Union workers who have spent decades bargaining for their health care plans might see all that negotiating go out the window under several Democratic proposals being discussed in the presidential race.
Several candidates are backing versions of Medicare for All that would eliminate most private health care options.
Members of the Iowa State Building and Construction Trades Council have been putting portions of their paychecks into their group health and welfare fund for years.
“If we negotiate a dollar an hour raise for our guys and our health and welfare fund doesn’t meet the dime or 20 cents that year, it comes out of those guys’ raises,” Bill Gerhard, the president of ISBCTC, explained to Starting Line. “This isn’t employer provided. Employers do the administration. They send the contributions in, but [health care] actually comes out of the guys’ checks in lieu of wages.”
Those nickels and dimes should have been included in the workers’ pay raises, but they’ve instead been used to create a health and welfare fund for administrative and labor workers who are employed in an industry where the weather sometimes decides the number of hours that are worked per week.
Gerhard said their health plan was created through years of collective bargaining.
“What the guys contribute toward health and welfare goes toward their health insurance, and most of them have vision, dental,” Gerhard said. “Some have loss of time, short-term loss of time if they get injured or ill.”
After spending years of building up the health and welfare fund, Gerhard is worried it may be taken away by Medicare for All.
“We’ve got a great plan,” Gerhard said. “The guys have paid for it over the years through collective bargaining. There’s no profit in it.”
“They’re usually lean, but they’re good plans,” Gerhard said. “I don’t want to see those be taken away and us be thrown into something different. I think we need a public option for those that don’t have insurance — and I’m all for that — but I don’t think one size fits all.”
Gerhard isn’t the only union leader who thinks the idea to take away employer-based health insurance that’s written in the Medicare for All bill might not be in union’s best interests.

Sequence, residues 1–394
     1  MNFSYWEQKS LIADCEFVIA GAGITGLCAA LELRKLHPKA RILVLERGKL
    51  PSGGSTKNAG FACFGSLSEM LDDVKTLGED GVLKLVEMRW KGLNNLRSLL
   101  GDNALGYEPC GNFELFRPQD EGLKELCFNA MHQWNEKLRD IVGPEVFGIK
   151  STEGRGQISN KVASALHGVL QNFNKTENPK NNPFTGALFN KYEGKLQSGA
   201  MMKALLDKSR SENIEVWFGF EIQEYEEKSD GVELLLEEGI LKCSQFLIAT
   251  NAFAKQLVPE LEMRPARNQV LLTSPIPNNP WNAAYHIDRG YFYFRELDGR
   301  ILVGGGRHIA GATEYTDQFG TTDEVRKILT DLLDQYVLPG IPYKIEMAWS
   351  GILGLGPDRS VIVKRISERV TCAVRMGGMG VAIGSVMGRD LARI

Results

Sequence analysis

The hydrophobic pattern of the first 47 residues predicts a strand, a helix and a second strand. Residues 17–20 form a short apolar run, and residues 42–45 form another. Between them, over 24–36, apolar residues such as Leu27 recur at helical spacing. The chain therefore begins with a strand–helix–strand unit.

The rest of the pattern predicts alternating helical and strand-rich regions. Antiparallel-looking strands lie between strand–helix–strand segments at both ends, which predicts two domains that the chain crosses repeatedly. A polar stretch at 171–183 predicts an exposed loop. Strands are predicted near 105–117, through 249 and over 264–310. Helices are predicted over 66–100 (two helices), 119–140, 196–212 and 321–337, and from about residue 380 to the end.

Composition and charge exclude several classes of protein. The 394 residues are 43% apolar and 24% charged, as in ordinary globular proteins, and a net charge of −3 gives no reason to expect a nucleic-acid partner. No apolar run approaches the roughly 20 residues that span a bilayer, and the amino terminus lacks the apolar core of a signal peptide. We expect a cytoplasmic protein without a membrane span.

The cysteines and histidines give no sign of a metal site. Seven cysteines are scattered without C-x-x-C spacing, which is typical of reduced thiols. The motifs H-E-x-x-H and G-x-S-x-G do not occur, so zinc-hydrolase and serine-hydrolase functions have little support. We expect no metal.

Harold Schaitberger, the general president of The International Association of Fire Fighters, recently wrote a letter stating the organization does not support abandoning the employer-based plans for a government-run single-payer plan.
“The elimination of employer-based insurance in favor of a Medicare-for-all or government-run single-payer proposal is a bad idea that punishes working families who have secured quality healthcare,” Schaitberger wrote.
Last week the IAFF sent this letter to all Democratic presidential candidates. It reaffirms the IAFF's position that any discussion on healthcare insurance should not include the concept of abandoning employer-provided healthcare for a government-run, single-payer plan. pic.twitter.com/NByscxXoIM
— IAFF (@IAFFNewsDesk) July 29, 2019
The IAFF endorsed 2020 presidential candidate and former Vice President Joe Biden earlier this year.
Biden has openly criticized Medicare for All and has laid out a health care plan of his own, which would limit copays to $1,000 and further support the public’s ability to buy into the Obamacare plan. Many other candidates, including Pete Buttigieg, have called for a Medicare option for anyone who wants it, but preserves private options.
“If they like their insurance, they should be able to keep it,” Biden said during the last Democratic debate in July. “Nothing is demanded in my plan that there be private insurance, it says, ‘if the 160 million people who have it say they like their employer insurance, they should have a right to have it. If they don’t, they can buy in to the Biden plan, which is Obamacare.’”
Biden’s and others’ plans could ease the mind of union representatives like Gerhard, who says he’s not sure a Medicare for All-type system could ever compete with his workers’ current health care plan.
He said the ISBCTC’s plan currently even gives retirees a small amount of money to supplement Medicare.
“I guess I would say I can’t imagine Medicare having the same coverage we do if we have to supplement what they’re doing now,” Gerhard said.
by Paige Godden
Photo via Molly Adams/Flickr